What’s the Plural of Roland Barthes?

by Megan Volpert

5 November 2015

Andy Stafford offers readers this overwhelmingly funny and delightfully obvious argument: Roland Barthes was not a Barthesian.
 
cover art

Roland Barthes

Andy Stafford

(Reaktion)
US: Nov 2015

Andy Stafford’s biography of Roland Barthes is a sublime dot-connector that nevertheless exhibits remarkable restraint. It’s a solid close reading of the life, work and historical context of an important, widely misunderstood intellectual delivered in a voice that does not give in to the temptation to deviate from crisply academic rigor. After all,  Barthes frequently and famously inserted himself into his analyses, so it would only be fitting if Stafford tried to perform a few of the same magic tricks as his subject. Instead, Stafford offers readers this overwhelmingly funny and retrospectively, delightfully obvious argument: Barthes was not a Barthesian.

Casual readers cannot begin here; many graduate students can most likely hack it and career academics are probably best able enjoy all that Stafford, a Senior Lecturer in French at the University of Leeds, has to offer. A basic sense of French history and literature will help; Stafford’s well-prepared to do the necessary translating. One of the few places he misses the explanatory mark is in his account of Barthes’ various teaching jobs, as some asides on how the French education system works compared to the British or American systems might be useful for more readers to grasp just how long it took Barthes to achieve security and then notoriety.

A great treasure within this book is the fact that Stafford positions it alongside another recent biography, Marie Gil’s Roland Barthes: Au Lieu De La Vie. Gil’s book is not available in English, but Stafford cleanly develops her position as a bedrock for his own. The work of Barthes appears to have so many separate phases, and these distinctive moments of Marxism or structuralism or neutrality are still too often considered in isolation—or worse, taken together, that Barthes appears as some noncommittal hypocrite of the ultraleft. Using a psychoanalytic approach, Gil diagnoses Barthes with a kind of ideological bipolarity; not a mental illness, just an intellectual proclivity for the refusal of opposites. She characterizes this as “oscillation”.

Stafford intends to apply this notion of oscillation within and across the various phrases of Barthes’ work. But then, ambitiously and successfully, he is able to cut through Barthes’ characterizations of himself and generate a genuine sense of parallelism between the life and the work of the man. Like all writers, Barthes was often producing work motivated by the necessity of making a living or the convenience of a particular teaching job. Like all writers, there are some events in his life that were hugely impactful on his frame of mind and the subjects he chose to consider. The book traces many of these formative influences, such as his long convalescence with tuberculosis when he was young, his struggle with open homosexuality as an adult, and his mother’s death just a short while before he himself died.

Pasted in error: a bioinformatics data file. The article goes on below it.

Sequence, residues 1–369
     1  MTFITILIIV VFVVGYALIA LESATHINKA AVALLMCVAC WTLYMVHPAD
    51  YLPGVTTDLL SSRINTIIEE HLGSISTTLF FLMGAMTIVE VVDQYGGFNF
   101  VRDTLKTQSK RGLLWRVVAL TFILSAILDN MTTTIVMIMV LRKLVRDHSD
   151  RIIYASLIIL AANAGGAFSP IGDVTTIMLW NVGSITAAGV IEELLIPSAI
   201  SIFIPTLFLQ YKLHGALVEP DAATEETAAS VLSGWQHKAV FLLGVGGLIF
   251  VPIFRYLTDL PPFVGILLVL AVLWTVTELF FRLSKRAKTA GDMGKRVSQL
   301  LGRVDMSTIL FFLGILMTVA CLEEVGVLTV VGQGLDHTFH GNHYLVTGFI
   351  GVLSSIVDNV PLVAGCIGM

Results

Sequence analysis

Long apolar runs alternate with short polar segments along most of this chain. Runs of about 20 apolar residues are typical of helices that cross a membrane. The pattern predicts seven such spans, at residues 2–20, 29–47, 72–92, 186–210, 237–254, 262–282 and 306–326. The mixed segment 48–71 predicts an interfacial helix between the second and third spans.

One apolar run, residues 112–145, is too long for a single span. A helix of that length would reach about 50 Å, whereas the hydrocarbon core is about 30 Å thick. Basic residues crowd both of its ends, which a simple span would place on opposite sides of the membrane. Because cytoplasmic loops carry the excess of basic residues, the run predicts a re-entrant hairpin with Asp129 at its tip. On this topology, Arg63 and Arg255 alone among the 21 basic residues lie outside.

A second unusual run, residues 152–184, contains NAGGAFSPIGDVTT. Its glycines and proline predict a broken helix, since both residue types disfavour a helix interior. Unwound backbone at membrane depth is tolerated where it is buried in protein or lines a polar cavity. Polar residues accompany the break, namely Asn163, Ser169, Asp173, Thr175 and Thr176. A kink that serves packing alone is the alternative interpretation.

It’s this last trauma that threads itself most notably throughout the book. Traditionally, biographies are a chronological affair, but this structure becomes complicated when it’s only at the end of the subject’s life that the truly major event takes place. Stafford must therefore both begin and end in the same place if readers are to understand how close Barthes was to his mother: how the ebb and flow of the family money shaped his perceptions of bourgeois and petit bourgeois ideology (this became his Marxism); how the fact that she had to raise him alone after the Germans sunk his father’s Navy vessel shaped his understanding of war (this became his political protests) and; how their living together as adults produced in him a strong eye for detail to daily procedure (this became his Mythologies. When she died, Barthes soon thereafter lost his own will to live and died relatively young of a pedestrian car crash injury that should not have been fatal.

Finally, readers can see the arch of a smooth transition from theater to Marxism to semiology to structuralism and beyond, from Brecht to Sartre to Foucault and beyond. And of course, there’s Hegel. In Bloom’s Taxonomy of learning domains still in use in schools internationally today, the greatest depths of knowledge belong to synthesis and evaluation. We lace together opposing ideas in order to assign value to the system that produces them. That’s Hegel in a nutshell: thesis, antithesis, synthesis.

However, Stafford says that “Barthes was working against simplistic resolutions of conflicting ideas” (48). In his later work, this presents itself as neutrality, a refusal to judge or evaluate. In his later life, this presents itself as a fragmentary style of lecturing, asking his students to put together the puzzle pieces he’s given them in whatever way they wish.

So Barthes’ life and work, and their historical context, are not an example of the tension of opposites, because for him there was no tension. Likewise, Stafford works painstakingly to illuminate a smoothness in what Gil describes as oscillation. Barthes is a multifaceted character, to be sure, and Stafford’s book zooms in on how the edge of each facet bleeds with ease into the next. So easily, in fact, that his cheeky little riff on Marx’s “all that I know is that I am not a Marxist” turns out to be thoroughly convincing.

Roland Barthes

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